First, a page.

Political discourse on the digital economy fails to reflect the concerns of the electorate

Discussions on the digital economy were marginal to this election. Insofar as the digital economy was referred to, it was in overwhelmingly positive terms. This reflects the common disposition among the UK’s leading politicians that this type of economy and its associated industries are where wealth creation will be mainly concentrated in the future. But, if it is a commonly held belief that the digital economy is so important, then why did it not feature more prominently in the election campaign?

Part of the answer must surely lie in this uniformity of the political class’s thinking, which means that there is little to debate on many of these issues. For example, the manifestos of the Conservative, the Labour Party and the Liberal Democrats all emphasised the importance of continuing broadband roll-out to the point where all households have good access, a position that has not changed since the 2010 election. On digital skills too, all parties agree that the universal provision of formal training will transform the UK’s citizens’ use of digital technologies.

After the Conservative victory, concerns about monopolization of digital markets and of citizens’ rights to privacy are unlikely to be at the top of the government’s agenda.

But there are, nonetheless, significant points of departure between the parties as well as ambiguities in their respective policies that deserved a fairer hearing in this election. The Labour Party’s independent review of the creative industries released just over a month before election day included an observation that there is a significant degree of monopolization in many digital markets and a recommendation thatcompetition authorities should be given powers to address this. However, despite highlighting in its campaign the need to address widening inequality, no commitment to tackling digital monopolies appeared in its manifesto. After David Cameron’s suggestion earlier in the year that the security services should be able to read encrypted communication was widely ridiculed, this measure was absent from the Conservative manifesto. However, while recommendations to prevent ‘extremists’ accessing the Internet is consistent with the views of a party whose leader mused after the 2011 London riots that he wanted to do the same to rioters, it is at odds with the Conservatives’ deregulatory and libertarian instincts elsewhere, as well as its former coalition partner’s pledge to introduce a digital Bill of Rights.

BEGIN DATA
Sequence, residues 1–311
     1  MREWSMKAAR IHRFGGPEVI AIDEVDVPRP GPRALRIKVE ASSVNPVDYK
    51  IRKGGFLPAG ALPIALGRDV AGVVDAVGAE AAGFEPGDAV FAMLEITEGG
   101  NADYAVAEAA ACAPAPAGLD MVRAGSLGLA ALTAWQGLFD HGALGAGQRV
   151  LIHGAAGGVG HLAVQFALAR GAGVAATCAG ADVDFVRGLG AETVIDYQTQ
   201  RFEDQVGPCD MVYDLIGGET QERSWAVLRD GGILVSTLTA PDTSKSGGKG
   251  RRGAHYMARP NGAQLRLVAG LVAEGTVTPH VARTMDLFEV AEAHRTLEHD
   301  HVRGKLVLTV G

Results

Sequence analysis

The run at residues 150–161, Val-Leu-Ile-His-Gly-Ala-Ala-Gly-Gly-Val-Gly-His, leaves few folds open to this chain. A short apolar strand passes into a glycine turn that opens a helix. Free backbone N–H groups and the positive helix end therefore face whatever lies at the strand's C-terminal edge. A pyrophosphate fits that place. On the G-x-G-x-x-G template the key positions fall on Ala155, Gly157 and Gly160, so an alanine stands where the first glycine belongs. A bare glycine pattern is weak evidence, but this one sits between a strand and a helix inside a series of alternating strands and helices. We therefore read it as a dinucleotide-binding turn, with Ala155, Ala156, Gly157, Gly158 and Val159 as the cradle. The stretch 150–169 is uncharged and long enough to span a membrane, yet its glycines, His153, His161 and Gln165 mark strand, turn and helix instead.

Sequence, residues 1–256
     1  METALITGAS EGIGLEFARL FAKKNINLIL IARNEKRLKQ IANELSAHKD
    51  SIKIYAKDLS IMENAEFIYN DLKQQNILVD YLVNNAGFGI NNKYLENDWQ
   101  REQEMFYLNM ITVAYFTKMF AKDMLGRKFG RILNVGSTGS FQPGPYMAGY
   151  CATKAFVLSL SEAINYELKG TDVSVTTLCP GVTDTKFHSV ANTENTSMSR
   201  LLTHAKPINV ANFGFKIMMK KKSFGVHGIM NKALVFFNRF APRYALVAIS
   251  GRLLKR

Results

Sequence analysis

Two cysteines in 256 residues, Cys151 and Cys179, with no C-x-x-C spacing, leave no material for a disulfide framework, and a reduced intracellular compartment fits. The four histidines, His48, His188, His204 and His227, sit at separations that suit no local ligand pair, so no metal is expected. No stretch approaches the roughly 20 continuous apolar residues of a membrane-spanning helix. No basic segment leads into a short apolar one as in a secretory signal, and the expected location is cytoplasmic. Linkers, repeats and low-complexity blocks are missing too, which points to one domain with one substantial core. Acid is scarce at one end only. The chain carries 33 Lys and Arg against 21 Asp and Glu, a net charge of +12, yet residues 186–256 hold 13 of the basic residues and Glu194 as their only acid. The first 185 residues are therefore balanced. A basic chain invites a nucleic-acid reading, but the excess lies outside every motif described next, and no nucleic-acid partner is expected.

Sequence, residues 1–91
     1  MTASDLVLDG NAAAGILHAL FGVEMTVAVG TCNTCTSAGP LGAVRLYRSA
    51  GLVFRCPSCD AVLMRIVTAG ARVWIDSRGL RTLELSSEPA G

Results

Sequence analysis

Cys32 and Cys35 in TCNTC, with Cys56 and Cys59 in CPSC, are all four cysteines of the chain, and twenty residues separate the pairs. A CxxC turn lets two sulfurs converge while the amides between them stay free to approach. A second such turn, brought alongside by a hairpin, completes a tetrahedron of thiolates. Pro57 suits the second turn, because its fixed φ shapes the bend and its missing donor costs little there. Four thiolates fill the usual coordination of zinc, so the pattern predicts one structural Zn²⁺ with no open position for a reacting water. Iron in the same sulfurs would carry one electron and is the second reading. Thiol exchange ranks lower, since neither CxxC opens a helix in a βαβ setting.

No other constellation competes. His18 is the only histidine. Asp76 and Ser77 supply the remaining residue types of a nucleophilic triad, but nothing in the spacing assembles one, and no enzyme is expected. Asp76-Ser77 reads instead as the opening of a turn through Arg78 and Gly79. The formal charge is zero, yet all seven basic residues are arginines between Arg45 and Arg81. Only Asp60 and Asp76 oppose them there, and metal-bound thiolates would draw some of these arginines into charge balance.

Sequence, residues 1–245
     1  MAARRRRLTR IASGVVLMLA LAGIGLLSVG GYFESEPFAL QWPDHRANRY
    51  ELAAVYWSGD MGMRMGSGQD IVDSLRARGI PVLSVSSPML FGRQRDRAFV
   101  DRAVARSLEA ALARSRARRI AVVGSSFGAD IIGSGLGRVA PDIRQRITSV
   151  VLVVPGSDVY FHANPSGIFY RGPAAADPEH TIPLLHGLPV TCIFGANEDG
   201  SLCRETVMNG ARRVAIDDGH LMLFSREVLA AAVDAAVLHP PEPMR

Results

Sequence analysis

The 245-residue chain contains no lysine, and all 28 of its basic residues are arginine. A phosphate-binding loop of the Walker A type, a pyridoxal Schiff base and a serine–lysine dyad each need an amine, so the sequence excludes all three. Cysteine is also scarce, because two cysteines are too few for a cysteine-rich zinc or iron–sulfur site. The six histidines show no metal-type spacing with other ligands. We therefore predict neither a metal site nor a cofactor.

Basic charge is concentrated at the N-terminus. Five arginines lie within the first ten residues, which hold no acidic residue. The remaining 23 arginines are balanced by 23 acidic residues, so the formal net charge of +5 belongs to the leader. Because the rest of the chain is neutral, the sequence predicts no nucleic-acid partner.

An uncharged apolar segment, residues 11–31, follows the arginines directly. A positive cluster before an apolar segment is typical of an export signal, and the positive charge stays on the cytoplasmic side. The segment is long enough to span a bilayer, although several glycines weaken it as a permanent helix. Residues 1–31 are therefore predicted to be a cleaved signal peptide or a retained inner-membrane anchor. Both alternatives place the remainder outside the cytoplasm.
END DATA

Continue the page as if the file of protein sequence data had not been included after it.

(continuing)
Even the seemingly least controversial matters on which all three parties agree are not free from contention. In a House of Lords select committee report on the digital economy released earlier this year, most of the experts consulted on digital skills argued that cognitive skills, including basic literacy and numeracy, are much more important in enabling people to adapt to rapidly changing software and platforms. This is reinforced by experts like author and entrepreneur Martin Ford who argue that acquiring new digital skills alone is unlikely to prevent one from being a victim of the increasing automation that the House of Lords report recognises is an ongoing central feature of the digital economy.

After the Conservative victory, concerns about monopolization of digital markets and of citizens’ rights to privacy are unlikely to be at the top of the government’s agenda. All the more reason why the UK’s media and communication scholars should continue to be at the forefront of debates about the digital economy and of economic activity, like the creative industries, dependent on it.

The article builds on some of the themes Dr White explored in an earlier piece for The Conversation during the election campaign: